Sunday, November 30, 2008

An Ode to Boring Science

Photo from umjanedoan

I've never been that into dinosaurs and fossils. When I think of space, I think of coldness and emptiness, not "boldly going where no man has gone before". Neuroscience baffles me and as such I have little interest*. And yet, a large amount of the mass media coverage of science revolves around developments in these and select other fields. Not that they're unimportant, but I find it tiresome that the coverage of science is so one-sided.

I would like to see more emphasis on ordinary, bread-and-butter research out there. It seems that if the news isn't covering classic post-Sputnik science such as robots, rockets, and space, it's something contentious like stem cells, vaccines, or climate research. Big news to the media outlets out there: there's more to science than fighting over embryos and forecasting doom! And they often miss great stories, those stories may just unfortunately be a little harder to tell.

I want to celebrate "boring" research. The ordinary, non-press release research that constitutes the bulk of what one will find if they open up a non-Nature or -Science journal. Don't get me wrong, I'm not talking bad research; good-versus-bad is a different classification altogether than sensational-versus-boring research - there's lots of crap at the top and bottom. I want to talk about what you find when you flip open a textbook. What is published on a regular basis in the hundreds (thousands?) of respected journals out there. Just because it's ordinary science doesn't mean that it can't be fascinating once one gets into the details.

Boring research is interesting research that does not necessarily promise to change the world or advance our ultimate understanding or cure AIDS or discover the Caramilk secret. Boring research makes up the bulk of what is published, and while the loudest stories are cried out over the crowd, the progress of boring, everyday research moves forward. It is the blue chip stock in world of science, where the big trading happens in cloning, robotics, and gender studies.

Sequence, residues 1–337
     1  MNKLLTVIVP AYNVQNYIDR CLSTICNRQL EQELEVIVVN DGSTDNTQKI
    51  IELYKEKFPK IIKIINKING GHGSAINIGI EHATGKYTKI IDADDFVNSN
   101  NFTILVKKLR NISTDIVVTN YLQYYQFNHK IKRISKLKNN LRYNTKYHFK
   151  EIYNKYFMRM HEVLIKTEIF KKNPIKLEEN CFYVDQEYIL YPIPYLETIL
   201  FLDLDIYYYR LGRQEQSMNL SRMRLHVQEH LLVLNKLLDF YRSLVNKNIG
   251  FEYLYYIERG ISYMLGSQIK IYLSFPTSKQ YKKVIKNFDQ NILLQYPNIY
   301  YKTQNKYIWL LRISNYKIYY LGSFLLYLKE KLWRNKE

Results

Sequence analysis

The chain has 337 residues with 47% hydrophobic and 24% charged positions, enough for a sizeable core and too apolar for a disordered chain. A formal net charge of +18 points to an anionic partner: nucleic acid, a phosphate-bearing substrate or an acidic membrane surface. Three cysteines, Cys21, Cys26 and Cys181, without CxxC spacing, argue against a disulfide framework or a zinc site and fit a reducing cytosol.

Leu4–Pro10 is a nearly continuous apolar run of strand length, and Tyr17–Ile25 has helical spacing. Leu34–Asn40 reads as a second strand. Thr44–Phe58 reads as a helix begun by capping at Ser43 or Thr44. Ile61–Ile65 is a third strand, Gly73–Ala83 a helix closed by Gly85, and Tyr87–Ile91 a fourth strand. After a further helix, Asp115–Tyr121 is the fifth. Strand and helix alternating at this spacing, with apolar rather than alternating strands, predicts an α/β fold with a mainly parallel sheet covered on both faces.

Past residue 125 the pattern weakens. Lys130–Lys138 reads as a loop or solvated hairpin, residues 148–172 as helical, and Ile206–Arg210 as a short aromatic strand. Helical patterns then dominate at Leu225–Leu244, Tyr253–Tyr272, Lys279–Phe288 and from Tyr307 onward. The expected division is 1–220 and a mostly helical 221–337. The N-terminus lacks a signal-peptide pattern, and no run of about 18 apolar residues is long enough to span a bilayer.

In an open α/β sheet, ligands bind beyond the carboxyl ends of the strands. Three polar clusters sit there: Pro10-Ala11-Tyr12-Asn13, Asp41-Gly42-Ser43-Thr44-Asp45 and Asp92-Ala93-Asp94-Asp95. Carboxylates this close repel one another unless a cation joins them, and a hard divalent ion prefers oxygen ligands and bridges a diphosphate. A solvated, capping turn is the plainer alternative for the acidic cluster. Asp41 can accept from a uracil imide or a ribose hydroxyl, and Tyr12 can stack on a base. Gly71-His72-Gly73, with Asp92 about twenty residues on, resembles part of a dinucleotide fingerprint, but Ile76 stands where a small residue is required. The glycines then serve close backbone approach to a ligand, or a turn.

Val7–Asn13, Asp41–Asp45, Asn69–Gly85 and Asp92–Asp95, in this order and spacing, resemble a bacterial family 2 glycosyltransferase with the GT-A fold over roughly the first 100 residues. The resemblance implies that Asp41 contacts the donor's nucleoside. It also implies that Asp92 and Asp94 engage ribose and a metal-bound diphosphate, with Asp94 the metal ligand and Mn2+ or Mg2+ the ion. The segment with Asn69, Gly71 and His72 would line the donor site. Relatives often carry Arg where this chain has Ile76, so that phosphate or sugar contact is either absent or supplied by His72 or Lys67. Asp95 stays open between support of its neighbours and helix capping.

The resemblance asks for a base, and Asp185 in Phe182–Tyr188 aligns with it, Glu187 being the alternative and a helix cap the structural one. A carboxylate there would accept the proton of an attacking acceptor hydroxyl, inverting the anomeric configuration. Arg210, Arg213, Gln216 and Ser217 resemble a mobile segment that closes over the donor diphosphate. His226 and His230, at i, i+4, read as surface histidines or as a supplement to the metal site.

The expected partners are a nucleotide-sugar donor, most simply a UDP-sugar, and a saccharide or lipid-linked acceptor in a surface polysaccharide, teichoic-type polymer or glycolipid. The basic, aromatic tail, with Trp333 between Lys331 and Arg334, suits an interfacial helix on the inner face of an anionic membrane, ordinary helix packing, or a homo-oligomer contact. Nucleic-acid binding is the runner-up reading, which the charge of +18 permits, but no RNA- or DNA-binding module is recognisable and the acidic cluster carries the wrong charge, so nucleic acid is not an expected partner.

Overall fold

I would like to see the story of boring research told. Research that perhaps is not ground-shattering** but still tells us important things about the world. Things that in time are more valuable than isolated studies that make major headlines. Things that are established to the point that even scientists ignore the interesting story behind them. I want to to celebrate the unsung heroes of research, and what it contributes to scientific progress.

Finally, it should be noted that this research isn't boring to me, nor should it be boring to you. If you think it is, I'd like to change your mind. Dig a little deeper and there is often a story to be told. By celebrating the tons of quality ordinary science out there, we see the true elegance and amazing subtleties of the world around us.

Here's to boring science!

Image from velorowdy

*Hypocracy acknowledged by this biochemist
**Keep in mind many Nobels have been awarded for work not appreciated when it was done

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